In form and riding a wave of emotion, is Columbus a team of destiny?
This week, Columbus Crew SC may be choosing between a battle of hearts and minds. And no, that's not a reference to the ongoing story of the Crew's potential relocation, but the choice Gregg Berhalter's team faces in a forthcoming two game series with Toronto FC: Does the team stick with its technical, cerebral brand of game management or go for the kind of blood-and-fury approach that almost worked for the New York Red Bulls at BMO Field?
Off the field, of course, Anthony Precourt's ownership group is doing its best to present the club's future options as a wholly unsentimental matter of "business metrics"; an approach that has put it on repeated clumsy collision courses with the emotional appeals of the #SavetheCrew movement, and indeed with broader public opinion.
Repeated PR gaffes, such as a popular MLS to Austin twitter account apparently tweeting from a Columbus, Ohio location, have somewhat undermined the owners' credentials for seeing the angles nobody else sees, and making tough choices accordingly. Whatever happens next for Columbus, this has been a shabby chapter in the team's tenure in the city.
And in the middle of it all, Crew SC have been on an excellent run that has extended from the summer through to an Eastern Conference final against Toronto.
Opinion has gone back and forth on whether the Austin saga has been a distraction or has pulled team and supporters together during this period; a narrative to drive the team through the playoffs and a potential highly emotional MLS Cup at MAPFRE Stadium.
In keeping with his cool demeanor, Berhalter has been wary of leaning too much on the emotion of the moment -- and with good reason. The list of playoff losers is littered with the names of teams whose lapses in concentration or discipline cost them dearly. In fact, Berhalter need only point to the team his side beat in the last round, New York City FC, to illustrate that fact.
Despite a valiant rally at Yankee Stadium, NYCFC never recovered from the unnecessary red card to Alexander Callens, or for giving up an injury-time goal in the first leg having crawled its way back to 3-1. Even when NYCFC looked to be playing with momentum at 2-0 up in the second leg and just needing a goal to advance, the coolest person in the stadium was Berhalter, as he added a third central defender to shore up his team and slowly ebb the momentum away from the hosts.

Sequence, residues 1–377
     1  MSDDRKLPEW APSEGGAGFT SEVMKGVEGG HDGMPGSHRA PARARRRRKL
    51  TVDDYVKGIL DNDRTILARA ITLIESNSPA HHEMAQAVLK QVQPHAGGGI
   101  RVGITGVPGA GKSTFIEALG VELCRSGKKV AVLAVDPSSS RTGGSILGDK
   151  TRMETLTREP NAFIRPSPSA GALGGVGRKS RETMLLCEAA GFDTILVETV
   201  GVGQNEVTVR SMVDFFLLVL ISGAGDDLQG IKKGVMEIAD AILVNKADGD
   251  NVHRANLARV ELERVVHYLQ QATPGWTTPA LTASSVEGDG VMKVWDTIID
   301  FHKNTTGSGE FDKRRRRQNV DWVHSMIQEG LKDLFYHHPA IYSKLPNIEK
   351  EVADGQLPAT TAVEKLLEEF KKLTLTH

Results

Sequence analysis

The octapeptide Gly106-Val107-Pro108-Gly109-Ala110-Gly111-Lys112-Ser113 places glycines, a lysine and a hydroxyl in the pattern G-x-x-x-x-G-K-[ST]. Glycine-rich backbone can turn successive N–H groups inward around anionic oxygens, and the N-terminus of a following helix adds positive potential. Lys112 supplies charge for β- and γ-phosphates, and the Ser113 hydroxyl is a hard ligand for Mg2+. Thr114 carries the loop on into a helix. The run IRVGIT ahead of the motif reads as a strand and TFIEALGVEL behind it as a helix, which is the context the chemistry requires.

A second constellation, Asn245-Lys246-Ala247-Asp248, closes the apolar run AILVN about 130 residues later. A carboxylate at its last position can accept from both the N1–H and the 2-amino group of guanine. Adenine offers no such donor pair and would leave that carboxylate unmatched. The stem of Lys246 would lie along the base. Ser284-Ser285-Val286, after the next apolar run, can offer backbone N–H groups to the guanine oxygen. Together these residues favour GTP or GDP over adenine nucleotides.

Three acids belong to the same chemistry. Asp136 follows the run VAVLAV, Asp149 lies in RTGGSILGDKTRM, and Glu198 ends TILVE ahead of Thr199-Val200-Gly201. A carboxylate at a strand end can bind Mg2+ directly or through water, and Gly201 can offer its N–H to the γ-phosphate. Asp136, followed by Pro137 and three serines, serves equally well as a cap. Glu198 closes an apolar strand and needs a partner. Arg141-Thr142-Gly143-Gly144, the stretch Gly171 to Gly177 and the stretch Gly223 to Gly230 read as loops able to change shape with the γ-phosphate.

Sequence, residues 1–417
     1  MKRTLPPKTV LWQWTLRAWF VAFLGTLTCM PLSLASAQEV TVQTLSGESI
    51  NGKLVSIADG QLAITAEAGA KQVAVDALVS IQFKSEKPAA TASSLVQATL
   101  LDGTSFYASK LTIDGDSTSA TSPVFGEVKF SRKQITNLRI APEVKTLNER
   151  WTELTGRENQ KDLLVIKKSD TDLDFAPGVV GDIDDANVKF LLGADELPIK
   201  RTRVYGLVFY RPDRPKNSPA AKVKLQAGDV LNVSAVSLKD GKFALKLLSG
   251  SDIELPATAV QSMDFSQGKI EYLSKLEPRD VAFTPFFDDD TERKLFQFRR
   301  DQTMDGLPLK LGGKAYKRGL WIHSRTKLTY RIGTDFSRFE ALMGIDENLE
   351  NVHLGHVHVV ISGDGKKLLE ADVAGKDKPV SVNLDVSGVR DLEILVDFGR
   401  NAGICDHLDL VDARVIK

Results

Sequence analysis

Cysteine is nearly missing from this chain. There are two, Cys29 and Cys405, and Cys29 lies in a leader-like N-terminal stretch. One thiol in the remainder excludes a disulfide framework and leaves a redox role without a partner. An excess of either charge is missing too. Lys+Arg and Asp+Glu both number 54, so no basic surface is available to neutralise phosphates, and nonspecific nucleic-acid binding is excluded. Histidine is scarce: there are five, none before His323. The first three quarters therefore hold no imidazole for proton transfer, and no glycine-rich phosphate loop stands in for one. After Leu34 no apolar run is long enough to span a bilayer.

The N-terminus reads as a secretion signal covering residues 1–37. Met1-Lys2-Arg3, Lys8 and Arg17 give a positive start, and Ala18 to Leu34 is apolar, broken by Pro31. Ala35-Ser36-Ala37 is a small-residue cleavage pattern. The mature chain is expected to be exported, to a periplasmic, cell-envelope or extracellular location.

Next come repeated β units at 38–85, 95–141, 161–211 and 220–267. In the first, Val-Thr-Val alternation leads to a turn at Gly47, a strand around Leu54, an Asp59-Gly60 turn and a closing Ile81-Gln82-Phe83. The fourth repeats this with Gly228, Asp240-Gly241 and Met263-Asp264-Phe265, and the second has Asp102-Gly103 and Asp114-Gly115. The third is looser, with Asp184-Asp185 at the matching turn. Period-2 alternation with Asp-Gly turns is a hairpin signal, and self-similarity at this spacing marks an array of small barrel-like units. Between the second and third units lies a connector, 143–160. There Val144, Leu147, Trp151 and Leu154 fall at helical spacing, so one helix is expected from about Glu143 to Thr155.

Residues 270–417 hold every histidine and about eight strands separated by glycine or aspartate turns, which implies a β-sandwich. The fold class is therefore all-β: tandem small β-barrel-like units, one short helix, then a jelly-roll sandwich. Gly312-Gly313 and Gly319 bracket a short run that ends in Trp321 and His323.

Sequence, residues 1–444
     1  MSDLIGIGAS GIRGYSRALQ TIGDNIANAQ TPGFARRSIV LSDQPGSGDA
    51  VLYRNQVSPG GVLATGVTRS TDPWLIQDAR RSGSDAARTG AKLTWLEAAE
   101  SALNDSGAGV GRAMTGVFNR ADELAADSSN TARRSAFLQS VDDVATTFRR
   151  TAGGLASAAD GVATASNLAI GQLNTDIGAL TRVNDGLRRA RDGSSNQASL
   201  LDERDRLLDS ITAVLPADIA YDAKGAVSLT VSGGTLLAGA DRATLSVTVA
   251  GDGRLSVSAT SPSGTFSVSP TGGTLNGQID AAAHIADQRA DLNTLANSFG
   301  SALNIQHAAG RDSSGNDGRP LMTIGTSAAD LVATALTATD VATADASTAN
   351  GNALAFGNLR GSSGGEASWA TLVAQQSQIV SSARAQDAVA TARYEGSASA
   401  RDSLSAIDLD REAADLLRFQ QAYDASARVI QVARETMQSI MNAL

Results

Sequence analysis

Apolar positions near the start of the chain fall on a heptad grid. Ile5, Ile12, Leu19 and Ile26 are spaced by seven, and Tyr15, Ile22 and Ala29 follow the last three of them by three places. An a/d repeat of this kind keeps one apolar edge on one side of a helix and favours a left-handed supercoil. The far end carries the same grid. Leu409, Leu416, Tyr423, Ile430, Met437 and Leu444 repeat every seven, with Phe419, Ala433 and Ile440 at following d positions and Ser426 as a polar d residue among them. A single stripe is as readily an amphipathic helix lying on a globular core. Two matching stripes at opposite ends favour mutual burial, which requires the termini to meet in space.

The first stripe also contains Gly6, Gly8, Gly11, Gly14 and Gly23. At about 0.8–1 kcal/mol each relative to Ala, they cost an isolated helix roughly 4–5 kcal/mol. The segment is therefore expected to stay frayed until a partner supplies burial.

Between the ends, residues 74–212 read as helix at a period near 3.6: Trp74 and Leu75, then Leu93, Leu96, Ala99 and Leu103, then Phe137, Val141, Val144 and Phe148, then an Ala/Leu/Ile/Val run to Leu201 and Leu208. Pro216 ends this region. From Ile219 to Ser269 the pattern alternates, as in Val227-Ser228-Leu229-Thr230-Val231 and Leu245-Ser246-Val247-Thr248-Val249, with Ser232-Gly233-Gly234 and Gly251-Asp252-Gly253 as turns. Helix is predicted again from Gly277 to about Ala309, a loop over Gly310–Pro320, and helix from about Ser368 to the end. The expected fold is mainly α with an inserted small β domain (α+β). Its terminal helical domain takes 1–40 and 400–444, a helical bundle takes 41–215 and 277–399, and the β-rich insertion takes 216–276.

By the time Andrea Pirlo made his strictly sentimental appearance on the field, Crew SC had already eased the game away from feeling anything like an emotional rally.
And now Berhalter faces Toronto: Supporters' Shield winners, possible "Best Ever MLS team" and heavy favorite for every playoff game it plays.
Yet Toronto looks oddly vulnerable after its Pyrrhic victory over the Red Bulls. Two of its three designated players are suspended for the first leg, and Tyler Adams offered a blueprint for dealing with the third, in shutting Michael Bradley out of influence at BMO Field. New York won at notional fortress BMO Field and was a goal away from advancing, after shaking up Toronto by harassing the Reds all over the field.
Berhalter has already said that he doesn't see his Crew SC team engaging in anything like New York's approach. At the very least he doesn't see the virtue in his team trying to reinvent itself as something it's not, so don't expect a chest-thumping battle as Columbus finds its way into the series.
The team may have played its part in one of the more enthralling playoff games in league history against Atlanta, and can certainly punish teams in transition in an open game, but Berhalter knows Crew SC are more likely to triumph against an opponent whose emotions get the better of them than by pinning their own hopes on some heartfelt idea that they are a "team of destiny".
Not that there's not a certain inevitability about Columbus's progress that reminds neutral observers of the progression made by Seattle or Portland in the past two successful MLS Cup campaigns. And watching the emergence of Zack Steffen as a cult figure after his Atlanta performance, you are reminded of moments like the Portland penalty that hit both posts in 2015 or Jordan Morris coming off his flu bed to score for Seattle last year.
But Berhalter will also remember that Toronto looked like a team of destiny too, when it came back from 3-0 down against Montreal in the Eastern Conference final last year, and he will particularly remember his own team scoring in the first ten seconds against the Red Bulls in 2015, and bringing the final to Columbus. Toronto and Columbus lost the last two finals in front of their own fans.
Every year gives us "teams of destiny", but as Columbus fans know only too well right now, sometimes the final destination is not clear.
Graham Parker writes for ESPN FC, FourFourTwo and Howler. He covers MLS and the U.S. national teams. Follow him on Twitter @grahamparkerfc.